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An Ear To Listen With And A Shoulder To Cry On

I would love to help anyone dealing with issues larger than themselves. I have experience in drug counseling and am working on my B.A. for psychology. Clearly I would not be giving medical help but I would be happy to provide advice, understanding and share ideas on how to cope.
Ambitieuxetvicieux Ambitieuxetvicieux 31-35, F 3 Responses Jan 12, 2012

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How many meds are too many? When will my liver just give up? Why as opiates not used to treat major depression? Do you believe in ECT? Did you see the movie Pi, remember they ending, could that work? You know the Egyptians drilled holes in peoples heads to cure them of all kinds of brain maladies? Would you assist a patient in committing suicide humanely for untreatable depression if it were legal?

I loved Pi.... loved love loved it!!! I have mixed feelings on ECT i have seen people who received it... very difficult to watch... maybe i was just too young to see it??? Psychosurgery in my opinion is largely outdated, the techniques using electric current to help with various disorders of thought or behavior has greatly improved however without knowing fully why or how it works...i find this distressing.... they dont fully understand the brain though so I guess we can only do what we feel is best in the moment

OK. I have a nephew--call him Clint--28 years old, who is drinking himself to death. He's the nicest young man you'd ever want to meet, when he's sober. He changes when he's drunk--aggressive, reckless, self-destructive. He drinks in binges, sometimes several days, sometimes a month or more. He's been beaten up several times, arrested several times, and lost his driver's license. He does keep a manual job, which he's good at, but it pays relatively little and I know his boss has given him warnings about his drinking.



This has been going on since he was 18 or so. He's been through one treatment program, stayed sober for six months, and has attended AA on and off, but he doesn't like it (he claims to be a Buddhist) and says it does him no good. His father, ironically, has been an AA stalwart for over 20 years.



Here's the crux of the problem: Clint is the youngest of three children. His father and mother divorced bitterly when he was too young to remember. His father paid child support and did not abandon the children, but he didn't see a lot of them either, since he was busy getting rich. The father has lived as an expat in Thailand for at least 15 years now--refuses to come back to the States. In that time he has sent Clint a couple of tickets, but other than that they have no contact.



Neither Clint's father nor his mother was ever much good at showing affection. The kids grew up with their mother (my sister), who was a dutiful but often depressed parent, and who today copes with her own emotional and financial stresses with an almost fanatical devotion to her evangelical church. She's in no position to help Clint.



Clint's older brother Paul has been estranged from everybody in the family for at least 10 years. Like his father, he's successful, but he's full of rage about how he grew up. Paul was really the closest thing Clint had to a father during his childhood. But, several years ago, Clint called Paul up drunk, they had an argument, and Paul told him never to call him again. Clint was massively broken up about that. He remains despondent about it to this day. Their sister, the middle child, is normal, married, has her own small business, but keeps aloof from the rest of the family and its problems.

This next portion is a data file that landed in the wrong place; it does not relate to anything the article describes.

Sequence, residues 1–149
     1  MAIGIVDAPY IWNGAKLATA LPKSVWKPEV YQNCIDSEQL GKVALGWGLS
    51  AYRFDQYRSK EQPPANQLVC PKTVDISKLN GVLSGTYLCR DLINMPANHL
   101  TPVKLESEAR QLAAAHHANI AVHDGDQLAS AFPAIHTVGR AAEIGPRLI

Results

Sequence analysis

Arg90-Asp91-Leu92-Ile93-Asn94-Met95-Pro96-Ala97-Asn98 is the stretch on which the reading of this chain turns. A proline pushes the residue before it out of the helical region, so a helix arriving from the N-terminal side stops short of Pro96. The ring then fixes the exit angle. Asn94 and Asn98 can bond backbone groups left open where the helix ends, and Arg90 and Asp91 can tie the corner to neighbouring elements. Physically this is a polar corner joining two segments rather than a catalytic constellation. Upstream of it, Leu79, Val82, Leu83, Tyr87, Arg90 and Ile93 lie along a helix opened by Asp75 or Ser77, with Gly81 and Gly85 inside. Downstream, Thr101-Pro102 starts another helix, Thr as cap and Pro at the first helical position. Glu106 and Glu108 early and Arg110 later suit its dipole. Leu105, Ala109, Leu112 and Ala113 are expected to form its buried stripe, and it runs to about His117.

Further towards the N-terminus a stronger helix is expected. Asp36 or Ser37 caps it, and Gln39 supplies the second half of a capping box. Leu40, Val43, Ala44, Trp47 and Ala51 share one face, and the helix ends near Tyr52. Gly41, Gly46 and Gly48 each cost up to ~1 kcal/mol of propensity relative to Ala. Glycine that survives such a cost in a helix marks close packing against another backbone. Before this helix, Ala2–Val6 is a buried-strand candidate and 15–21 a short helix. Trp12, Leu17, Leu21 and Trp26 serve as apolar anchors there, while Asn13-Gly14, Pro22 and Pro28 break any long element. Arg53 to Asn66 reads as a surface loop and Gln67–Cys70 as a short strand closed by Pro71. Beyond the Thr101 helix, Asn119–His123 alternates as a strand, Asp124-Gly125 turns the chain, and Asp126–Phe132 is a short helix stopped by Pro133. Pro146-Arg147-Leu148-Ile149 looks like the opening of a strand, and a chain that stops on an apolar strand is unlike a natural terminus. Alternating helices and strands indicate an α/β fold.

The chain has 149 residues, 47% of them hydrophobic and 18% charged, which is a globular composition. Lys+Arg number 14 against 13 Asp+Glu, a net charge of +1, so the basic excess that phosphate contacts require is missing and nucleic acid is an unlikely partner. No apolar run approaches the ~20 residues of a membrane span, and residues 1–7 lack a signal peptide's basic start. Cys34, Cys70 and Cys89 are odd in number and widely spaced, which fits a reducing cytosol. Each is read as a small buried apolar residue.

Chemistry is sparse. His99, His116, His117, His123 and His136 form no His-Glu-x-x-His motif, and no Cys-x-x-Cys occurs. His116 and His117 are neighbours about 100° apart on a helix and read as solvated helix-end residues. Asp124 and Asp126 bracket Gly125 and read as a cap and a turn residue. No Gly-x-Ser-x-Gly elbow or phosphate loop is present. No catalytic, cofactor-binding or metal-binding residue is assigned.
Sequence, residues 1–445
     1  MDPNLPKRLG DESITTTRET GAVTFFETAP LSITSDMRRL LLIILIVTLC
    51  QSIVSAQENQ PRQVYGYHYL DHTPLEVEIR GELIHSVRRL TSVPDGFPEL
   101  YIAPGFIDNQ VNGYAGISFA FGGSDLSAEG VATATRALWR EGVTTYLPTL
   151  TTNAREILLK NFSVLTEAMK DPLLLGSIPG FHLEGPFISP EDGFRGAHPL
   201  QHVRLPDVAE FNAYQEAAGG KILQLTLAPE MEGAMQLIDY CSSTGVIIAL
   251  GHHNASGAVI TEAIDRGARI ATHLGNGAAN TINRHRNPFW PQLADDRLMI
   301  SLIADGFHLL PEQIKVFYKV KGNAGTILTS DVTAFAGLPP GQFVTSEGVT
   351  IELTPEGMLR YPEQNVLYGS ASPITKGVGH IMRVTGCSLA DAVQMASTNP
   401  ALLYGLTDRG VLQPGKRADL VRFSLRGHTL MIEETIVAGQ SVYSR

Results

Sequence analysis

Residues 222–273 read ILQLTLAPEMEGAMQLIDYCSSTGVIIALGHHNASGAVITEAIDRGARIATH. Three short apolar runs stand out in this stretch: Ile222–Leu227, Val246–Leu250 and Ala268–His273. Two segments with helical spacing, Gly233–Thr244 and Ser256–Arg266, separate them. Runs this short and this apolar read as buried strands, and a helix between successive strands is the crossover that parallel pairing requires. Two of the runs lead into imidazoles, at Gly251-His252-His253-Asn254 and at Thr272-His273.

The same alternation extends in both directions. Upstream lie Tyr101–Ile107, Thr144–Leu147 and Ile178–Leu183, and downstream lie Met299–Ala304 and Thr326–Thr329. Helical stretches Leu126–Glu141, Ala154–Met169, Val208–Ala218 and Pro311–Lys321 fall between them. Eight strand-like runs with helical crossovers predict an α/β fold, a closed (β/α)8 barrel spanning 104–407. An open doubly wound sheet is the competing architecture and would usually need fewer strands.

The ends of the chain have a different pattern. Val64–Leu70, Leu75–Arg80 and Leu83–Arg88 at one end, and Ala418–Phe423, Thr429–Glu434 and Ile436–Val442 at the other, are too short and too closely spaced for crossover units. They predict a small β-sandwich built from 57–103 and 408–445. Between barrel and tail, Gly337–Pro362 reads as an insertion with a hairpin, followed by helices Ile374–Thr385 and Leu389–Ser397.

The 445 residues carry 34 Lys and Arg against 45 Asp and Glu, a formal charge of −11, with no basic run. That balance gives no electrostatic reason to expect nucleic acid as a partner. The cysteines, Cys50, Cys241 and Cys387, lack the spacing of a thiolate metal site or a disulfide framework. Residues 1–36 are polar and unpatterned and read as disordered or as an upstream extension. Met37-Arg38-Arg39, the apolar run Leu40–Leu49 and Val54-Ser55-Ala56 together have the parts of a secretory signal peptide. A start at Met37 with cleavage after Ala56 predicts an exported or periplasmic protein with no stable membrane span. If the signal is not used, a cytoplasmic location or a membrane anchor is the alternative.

So, Clint has nobody to turn to but me--and I live 1,500 miles away. I counsel him as best I can, but I have little knowledge of addiction and, frankly, not much patience with it. I advise him to enter a treatment program, but his very minimal insurance won't cover it, and he doesn't want to anyway. I give him pep talks, and tell him he should stay with AA. I don't know what else to do. The underlying problem is that he is terribly isolated. He feels, with reason, like an abandoned child. He feels he has no support but his alcohol. What else can I do? What would you do?

I would suggest you watch the A&E show called intervention. Helping Clint hit bottom is going to take the effort of his loved ones...it think if u could get his brother sister mother father involved in Clints push to recovery it would be very powerful for him. It seems all your sister's children are distant from one another .. what is your insight into that?

The family exploded long ago. I doubt there is any power on earth that could get them all in the same room. I have considered throwing the problem at his father and his brother by telling them they are the only ones who can save him. I have no real relationship with either of them--and therefore nothing to lose personally--but I worry that either or both of them might blame Clint for the contact, no matter what I said. They really don't want to have anything to do with him. It's like handling someone with a spinal injury--you're afraid if you do the wrong thing you'll only make it worse.

Do you think a professional interventionist could get the family together just to try this as a last attempt to help him?

Thank you Vitadisgrazia!

You are our first almost professional psychologist.

The way you phrase it, "the issues larger than themselves" is so spot on.

I had around four to five major depressions in my life, and only this last and most recent time did I finally succeed in pulling myself out of it without professional help...

but all those times I had help in the past made a difference. They taught me some of the skills to help make it possible, for which I'm very grateful.